Law Professors Producing Value?
I readily admit I pay little attention to what legal academics are doing. There are a few exceptions, and they all involve professors who actually come down from the ivory tower and rub elbows with us grubbies (the folks over at Credit Slips, for example). A recent example is John Pottow, the bankruptcy professor at my alma mater the University of Michigan (An aside here: Christopher Brumm, senior counsel for Major League Baseball and also a UM grad, recently remarked that he regretted not having taken a bankruptcy course. When I was at UM, there was no such animal. Too low class. Respectable corporations didn't discuss such things. Now bankruptcy is just another management tool.). About three years ago, the SCOTUS made complete hash of bankruptcy law (which it does about every time it decides a bankruptcy case) in Stern vs. Marshall, which threatened to gut the bankruptcy courts' power to rule on any issue involving state law (Frankly, this decision was just part of the right side of the Court's ongoing effort to restrict judicial powers using Scalia's curious [some might call it "cherry-picking"] approach to original intent. Needless to say, I don't agree with this reasoning, but I'll leave it for another day, or two, or three. It would be nice, though, to get bankruptcy courts to at least look at jurisdictional issues with regard to standing in improperly securitized mortgage cases.). In EBIA vs. Arkison, Professor Pottow handled the appeal and got the Supremes to back away a bit from the precipice they had created. So kudos.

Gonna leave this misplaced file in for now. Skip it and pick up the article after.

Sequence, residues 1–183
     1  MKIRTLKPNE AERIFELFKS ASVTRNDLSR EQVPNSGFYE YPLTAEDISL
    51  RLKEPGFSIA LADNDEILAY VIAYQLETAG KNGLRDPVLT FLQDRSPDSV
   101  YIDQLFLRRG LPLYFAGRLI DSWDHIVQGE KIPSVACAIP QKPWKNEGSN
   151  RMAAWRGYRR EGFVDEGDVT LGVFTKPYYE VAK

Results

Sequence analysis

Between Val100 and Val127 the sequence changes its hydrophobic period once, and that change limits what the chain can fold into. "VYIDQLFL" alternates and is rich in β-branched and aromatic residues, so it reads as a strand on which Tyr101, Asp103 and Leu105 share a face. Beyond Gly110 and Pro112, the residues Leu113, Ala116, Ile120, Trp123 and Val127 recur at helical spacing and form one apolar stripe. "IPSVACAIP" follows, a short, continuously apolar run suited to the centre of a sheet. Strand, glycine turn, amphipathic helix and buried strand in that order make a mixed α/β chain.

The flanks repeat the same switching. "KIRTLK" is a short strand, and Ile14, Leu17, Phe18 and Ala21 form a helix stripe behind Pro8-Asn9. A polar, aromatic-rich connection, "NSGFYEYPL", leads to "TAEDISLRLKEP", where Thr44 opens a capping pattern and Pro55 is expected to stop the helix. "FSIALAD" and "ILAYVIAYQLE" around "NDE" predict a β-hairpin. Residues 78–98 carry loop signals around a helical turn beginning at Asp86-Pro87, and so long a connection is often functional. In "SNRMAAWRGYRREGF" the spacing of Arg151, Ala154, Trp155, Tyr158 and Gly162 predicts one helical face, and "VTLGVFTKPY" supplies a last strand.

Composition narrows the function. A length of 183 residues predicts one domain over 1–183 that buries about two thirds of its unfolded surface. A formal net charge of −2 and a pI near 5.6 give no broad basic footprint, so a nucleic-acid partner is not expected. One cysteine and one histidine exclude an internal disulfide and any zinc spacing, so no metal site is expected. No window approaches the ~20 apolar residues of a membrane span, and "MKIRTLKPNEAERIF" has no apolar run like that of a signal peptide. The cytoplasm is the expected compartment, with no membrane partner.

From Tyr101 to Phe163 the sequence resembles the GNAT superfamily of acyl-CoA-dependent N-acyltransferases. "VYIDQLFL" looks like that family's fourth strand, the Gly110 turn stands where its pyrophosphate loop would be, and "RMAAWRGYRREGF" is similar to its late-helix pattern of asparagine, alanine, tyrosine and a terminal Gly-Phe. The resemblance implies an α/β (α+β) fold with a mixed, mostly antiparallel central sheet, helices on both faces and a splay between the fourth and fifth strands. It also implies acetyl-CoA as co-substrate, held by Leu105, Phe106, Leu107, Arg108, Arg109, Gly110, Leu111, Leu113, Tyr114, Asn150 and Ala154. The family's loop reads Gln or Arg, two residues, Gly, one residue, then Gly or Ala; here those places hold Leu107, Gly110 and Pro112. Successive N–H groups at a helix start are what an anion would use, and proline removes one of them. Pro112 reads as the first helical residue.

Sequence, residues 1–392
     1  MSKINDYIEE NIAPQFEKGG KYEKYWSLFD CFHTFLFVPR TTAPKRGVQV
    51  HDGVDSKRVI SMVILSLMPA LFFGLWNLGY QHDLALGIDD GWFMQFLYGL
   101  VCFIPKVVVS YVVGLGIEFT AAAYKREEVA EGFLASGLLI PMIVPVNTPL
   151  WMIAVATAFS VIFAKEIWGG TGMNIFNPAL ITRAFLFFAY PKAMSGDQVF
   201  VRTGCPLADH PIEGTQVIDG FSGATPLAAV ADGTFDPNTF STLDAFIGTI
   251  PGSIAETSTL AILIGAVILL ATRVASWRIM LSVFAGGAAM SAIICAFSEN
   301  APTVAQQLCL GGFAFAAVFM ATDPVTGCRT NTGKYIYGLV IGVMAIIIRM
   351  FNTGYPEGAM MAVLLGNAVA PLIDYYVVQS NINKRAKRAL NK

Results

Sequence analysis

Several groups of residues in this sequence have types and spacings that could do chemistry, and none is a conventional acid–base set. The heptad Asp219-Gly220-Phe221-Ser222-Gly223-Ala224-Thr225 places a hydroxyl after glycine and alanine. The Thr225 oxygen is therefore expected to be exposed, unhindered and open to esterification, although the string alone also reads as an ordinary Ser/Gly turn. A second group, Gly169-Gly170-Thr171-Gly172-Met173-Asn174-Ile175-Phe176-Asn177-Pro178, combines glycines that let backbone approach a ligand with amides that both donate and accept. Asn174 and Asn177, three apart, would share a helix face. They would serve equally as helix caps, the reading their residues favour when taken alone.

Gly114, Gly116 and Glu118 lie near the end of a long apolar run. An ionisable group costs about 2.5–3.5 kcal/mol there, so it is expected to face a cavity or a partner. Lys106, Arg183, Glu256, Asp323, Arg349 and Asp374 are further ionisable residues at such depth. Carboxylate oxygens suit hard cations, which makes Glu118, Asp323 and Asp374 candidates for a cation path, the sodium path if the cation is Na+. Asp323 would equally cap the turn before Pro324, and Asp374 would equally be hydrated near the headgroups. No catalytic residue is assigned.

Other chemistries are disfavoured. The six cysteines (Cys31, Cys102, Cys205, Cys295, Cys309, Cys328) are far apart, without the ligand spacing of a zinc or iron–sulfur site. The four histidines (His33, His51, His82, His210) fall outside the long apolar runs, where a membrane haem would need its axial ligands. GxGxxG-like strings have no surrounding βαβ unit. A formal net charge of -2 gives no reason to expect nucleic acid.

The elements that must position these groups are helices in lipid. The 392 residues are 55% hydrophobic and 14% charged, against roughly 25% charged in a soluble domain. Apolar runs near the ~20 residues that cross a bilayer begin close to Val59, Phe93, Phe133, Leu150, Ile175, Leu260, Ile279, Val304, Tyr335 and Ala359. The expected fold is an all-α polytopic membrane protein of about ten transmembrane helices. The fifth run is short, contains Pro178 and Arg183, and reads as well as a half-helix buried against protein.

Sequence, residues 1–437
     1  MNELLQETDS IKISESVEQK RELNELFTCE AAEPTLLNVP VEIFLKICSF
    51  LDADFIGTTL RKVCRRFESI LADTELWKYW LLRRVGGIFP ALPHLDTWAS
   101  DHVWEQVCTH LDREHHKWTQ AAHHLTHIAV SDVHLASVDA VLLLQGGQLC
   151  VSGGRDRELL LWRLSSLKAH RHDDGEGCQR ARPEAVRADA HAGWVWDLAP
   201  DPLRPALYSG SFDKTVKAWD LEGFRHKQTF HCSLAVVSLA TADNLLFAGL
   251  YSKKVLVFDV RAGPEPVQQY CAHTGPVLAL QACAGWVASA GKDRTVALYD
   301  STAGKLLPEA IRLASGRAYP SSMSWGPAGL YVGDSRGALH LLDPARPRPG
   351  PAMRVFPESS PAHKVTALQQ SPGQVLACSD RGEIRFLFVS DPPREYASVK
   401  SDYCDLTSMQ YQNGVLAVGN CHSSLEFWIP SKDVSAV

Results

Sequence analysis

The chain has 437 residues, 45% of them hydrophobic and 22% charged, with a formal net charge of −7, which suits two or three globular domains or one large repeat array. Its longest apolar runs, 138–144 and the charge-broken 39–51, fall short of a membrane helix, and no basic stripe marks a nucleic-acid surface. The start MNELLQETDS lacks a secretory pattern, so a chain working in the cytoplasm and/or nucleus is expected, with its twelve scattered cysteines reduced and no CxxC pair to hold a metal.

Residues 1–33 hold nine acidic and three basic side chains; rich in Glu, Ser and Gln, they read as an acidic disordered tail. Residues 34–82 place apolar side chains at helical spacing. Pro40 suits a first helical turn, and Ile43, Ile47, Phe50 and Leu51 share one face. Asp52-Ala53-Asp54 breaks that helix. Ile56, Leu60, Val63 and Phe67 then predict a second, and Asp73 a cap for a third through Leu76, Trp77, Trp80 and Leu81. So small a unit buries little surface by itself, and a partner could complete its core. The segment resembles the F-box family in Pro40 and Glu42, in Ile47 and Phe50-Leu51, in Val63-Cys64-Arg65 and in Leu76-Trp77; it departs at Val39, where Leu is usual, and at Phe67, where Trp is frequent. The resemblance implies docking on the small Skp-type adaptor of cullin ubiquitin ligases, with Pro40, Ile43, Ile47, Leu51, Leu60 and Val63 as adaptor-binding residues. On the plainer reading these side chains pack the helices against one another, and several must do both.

Also at UM, Professor Carl Schneider has recently co-authored a book that offers hard evidence of what many of us have believed for some time: Disclosure statements don't inform anybody about anything. Whether it's informed consent at the doctor's office, a securities prospectus, or the multiple disclosures in real estate closings, it's too much and too convoluted, and the "discloser" rushes the disclosee through at warp speed. Professor Schneider advocates adopting real, behavioral regulations instead of pretending there is value to disclosure. Professor Schneider also advocates that we drop the disclosures now regardless of whether the new regulations are being passed. I'm not convinced that's a good idea, and I'm doubly not convinced any disclosures will fall by the wayside. This is because of another campaign based on Scalia's cherry-picking, the attack on protections against adhesion contracts. Adhesion contracts are biased contracts crammed down the throat of the weaker party by the stronger party, usually in consumer transactions. Scalia and his camp, in true Lochner fashion, see no problem with this and routinely override efforts to balance contracts, holding that if it's in the contract and you signed it, you're bound. Given that backdrop, I expect companies to keep "disclosing" 50 pages of agate type in five minutes and then arguing later that the buyer was fully aware of any risks. Sorry, Carl, it's Contracttown.